The state Board of Registered Nursing ceased to exist this year due to an October veto by Gov. Jerry Brown, and now stark disagreement is emerging over whether the public is adequately protected from nurses who need drug treatment or limits on their practice or to be stopped altogether.
Brown vetoed the bill that would have extended the board’s charter to 2016 after balking over possible pension obligations. In doing so, he dissolved the board after 106 years of operation.
Employees charged with overseeing the licensing of more than 350,000 nurses are now part of the state Department of Consumer Affairs, where they continue the administrative work, such as processing applications for would-be nurses and investigating complaints, department spokesman Russ Heimerich said.
“This shouldn’t be a concern to the public at all. It’s business as usual. The public shouldn’t even notice this is happening,” said Melissa Figueroa, a spokeswoman for the State and Consumer Services Agency, which oversees the Department of Consumer Affairs.
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Figueroa said her agency, which works closely with the governor’s office, is in talks with the Legislature to quickly reconstitute the board, possibly through a bill moored to the state budget, known as a trailer bill.
However, Jeannine Graves, who was president of the nursing board just before it folded, said she voted against an interagency agreement that granted the Department of Consumer Affairs authority over board functions late last year.
She said it creates a “legal fiction” and does not provide protection to the public or due process to nurses guaranteed by the appointed board of five nurses and four public members. The board's staff investigates about 8,000 cases each year.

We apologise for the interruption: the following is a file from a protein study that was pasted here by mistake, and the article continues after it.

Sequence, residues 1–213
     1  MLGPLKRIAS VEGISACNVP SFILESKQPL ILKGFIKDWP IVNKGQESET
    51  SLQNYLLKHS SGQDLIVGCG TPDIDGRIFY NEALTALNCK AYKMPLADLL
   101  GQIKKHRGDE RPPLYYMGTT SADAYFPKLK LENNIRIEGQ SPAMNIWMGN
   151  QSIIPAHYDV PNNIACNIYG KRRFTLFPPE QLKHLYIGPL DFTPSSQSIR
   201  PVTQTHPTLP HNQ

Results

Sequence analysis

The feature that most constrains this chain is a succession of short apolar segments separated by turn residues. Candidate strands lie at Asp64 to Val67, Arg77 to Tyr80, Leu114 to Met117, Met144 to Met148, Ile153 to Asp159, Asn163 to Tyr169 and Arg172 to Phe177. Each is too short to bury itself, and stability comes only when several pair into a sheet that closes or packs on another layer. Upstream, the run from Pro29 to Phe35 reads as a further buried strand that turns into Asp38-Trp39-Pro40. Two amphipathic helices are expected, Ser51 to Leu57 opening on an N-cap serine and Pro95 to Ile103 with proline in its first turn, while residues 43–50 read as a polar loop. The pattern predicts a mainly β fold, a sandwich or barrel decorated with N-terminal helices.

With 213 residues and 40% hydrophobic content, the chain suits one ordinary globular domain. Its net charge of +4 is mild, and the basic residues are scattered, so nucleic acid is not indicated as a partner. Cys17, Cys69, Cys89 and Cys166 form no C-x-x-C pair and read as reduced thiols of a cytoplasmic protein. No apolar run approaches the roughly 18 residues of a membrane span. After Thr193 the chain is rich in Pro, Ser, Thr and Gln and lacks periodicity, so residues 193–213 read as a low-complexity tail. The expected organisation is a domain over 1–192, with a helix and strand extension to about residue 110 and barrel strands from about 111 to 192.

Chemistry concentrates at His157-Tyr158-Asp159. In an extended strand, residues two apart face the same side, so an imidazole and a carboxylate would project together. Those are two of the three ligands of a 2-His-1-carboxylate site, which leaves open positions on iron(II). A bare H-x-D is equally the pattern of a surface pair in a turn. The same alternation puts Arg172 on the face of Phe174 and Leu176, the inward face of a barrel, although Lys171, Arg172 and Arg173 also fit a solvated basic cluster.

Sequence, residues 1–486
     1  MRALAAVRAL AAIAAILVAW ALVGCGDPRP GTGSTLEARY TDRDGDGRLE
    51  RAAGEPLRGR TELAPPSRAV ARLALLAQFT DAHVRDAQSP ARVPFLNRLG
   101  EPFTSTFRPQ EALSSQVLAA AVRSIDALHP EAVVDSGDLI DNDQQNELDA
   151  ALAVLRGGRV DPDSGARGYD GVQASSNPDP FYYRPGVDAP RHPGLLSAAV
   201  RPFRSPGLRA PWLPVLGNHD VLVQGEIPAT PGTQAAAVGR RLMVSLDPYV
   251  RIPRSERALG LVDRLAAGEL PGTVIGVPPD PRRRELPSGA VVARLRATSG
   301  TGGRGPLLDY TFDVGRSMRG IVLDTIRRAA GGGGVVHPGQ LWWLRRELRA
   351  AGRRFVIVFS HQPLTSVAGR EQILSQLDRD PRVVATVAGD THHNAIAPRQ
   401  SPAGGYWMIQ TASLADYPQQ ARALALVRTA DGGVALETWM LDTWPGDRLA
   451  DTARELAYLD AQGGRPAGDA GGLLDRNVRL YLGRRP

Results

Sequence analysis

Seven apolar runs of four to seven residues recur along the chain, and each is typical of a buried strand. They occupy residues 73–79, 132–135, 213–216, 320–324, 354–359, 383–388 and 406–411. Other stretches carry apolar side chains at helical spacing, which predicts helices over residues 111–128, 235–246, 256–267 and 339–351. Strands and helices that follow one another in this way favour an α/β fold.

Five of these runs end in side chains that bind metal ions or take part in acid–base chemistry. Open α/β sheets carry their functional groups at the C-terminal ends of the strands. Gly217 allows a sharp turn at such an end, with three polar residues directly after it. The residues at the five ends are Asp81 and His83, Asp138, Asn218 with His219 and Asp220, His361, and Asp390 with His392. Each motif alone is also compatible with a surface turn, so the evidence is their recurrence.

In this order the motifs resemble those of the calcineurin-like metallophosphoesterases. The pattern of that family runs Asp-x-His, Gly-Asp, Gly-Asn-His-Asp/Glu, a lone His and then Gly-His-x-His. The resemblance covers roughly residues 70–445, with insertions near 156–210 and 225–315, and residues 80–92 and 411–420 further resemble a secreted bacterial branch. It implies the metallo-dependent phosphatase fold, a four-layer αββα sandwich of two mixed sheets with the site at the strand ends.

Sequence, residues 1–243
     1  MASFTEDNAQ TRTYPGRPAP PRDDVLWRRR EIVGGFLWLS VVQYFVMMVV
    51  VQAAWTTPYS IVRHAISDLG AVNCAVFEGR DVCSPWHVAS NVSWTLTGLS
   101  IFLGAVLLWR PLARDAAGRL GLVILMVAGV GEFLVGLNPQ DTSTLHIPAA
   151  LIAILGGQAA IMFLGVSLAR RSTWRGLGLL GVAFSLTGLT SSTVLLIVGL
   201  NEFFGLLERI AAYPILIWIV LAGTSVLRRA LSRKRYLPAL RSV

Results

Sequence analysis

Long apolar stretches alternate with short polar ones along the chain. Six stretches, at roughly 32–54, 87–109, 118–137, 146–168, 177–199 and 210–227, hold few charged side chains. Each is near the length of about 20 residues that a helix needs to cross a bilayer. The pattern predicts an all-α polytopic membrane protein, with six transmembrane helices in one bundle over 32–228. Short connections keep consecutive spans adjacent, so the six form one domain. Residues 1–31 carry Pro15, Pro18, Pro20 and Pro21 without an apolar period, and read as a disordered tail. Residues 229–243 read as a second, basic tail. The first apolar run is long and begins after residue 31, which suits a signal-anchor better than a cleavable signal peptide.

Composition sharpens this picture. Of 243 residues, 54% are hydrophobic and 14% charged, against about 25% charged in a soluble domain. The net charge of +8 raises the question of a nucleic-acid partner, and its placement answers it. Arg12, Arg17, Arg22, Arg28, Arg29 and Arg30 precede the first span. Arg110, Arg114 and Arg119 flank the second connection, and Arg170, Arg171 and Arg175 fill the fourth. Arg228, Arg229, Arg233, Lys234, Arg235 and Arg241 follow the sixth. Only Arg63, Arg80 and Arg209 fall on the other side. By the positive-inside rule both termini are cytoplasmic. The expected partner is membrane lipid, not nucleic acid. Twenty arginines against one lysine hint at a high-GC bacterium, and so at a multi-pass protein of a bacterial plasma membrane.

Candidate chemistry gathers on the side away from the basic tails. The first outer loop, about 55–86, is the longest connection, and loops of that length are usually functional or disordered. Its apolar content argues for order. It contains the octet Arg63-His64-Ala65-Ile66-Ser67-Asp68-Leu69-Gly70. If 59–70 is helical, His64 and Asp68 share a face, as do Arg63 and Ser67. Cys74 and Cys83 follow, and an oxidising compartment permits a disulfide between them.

“We all have our boots on the ground,” Graves said. “We’re very in tune with what makes safe nursing care in California.”
Graves said she was appointed by former Gov. Arnold Schwarzenegger to a slate of board members assigned with fixing shortcomings identified by a ProPublica investigation into board discipline.
Graves said her group accomplished much, and she was disappointed when the governor's office dismissed her from her position, the day after her vote against the current interagency agreement. Her board position ended last summer but could have extended to this summer, she said.
"I took a sword for the board," she said. "We did a lot of good and I'm sorry to have to leave."
The board’s dissolution plunges the state into uncharted waters, said Julie D’Angelo Fellmeth, administrative director of the Center for Public Interest Law at the University of San Diego.
She said that in the past, a board that was not reconstituted by its “sunset” date automatically became a bureau, a similar entity. She said that provision of law no longer exists, so it’s unclear how the interagency agreement between the board and Department of Consumer Affairs will stand up to challenges.
“I just think this was all unnecessary, and it’s thrown a monkey wrench into public protection from some very bad nurses,” D’Angelo Fellmeth said.
Richard Rice, a former senior adviser to Schwarzenegger, said that as a public member of the just-dissolved board, he also voted against the agreement.
He said it brings to a halt policy work the board was performing to improve nursing care, including an effort to strengthen laws requiring nursing schools to teach clinical skills in addition to classroom skills.
“Very serious issues that come before the board are not being dealt with,” he said.
In vetoing the legislation to continue board operations until 2016, Brown took a strong stance against pension obligations for a new class of board investigators who would have had law enforcement status.
His veto message [PDF], dated Oct. 9, says, “This makes no sense fiscally and flies in the face of much needed pension reform.”
Figueroa said the new legislation re-creating the board likely will be similar to what was most recently in place.
Heimerich emphasized that the board’s work is still being done. The board typically adopts, amends or rejects proposed decisions by administrative law judges who hear cases over nurse discipline, Heimerich said. Now, judges’ decisions will automatically take effect if no board action is taken in 100 days.
Also, the board tends to approve or reject settlements reached between attorneys representing nurses accused of misconduct and deputy attorneys general representing the board. Heimerich said those cases also will be subject to approval by administrative judges, whose decisions are final if the board takes no action in 100 days.
Lynda Gledhill, spokeswoman for Attorney General Kamala Harris, said cases that deputy attorneys general prosecute on behalf of the board are moving forward.
“We’re working with the former board staff, people at the Department of Consumer Affairs, to make sure everything runs as smoothly as possible,” she said.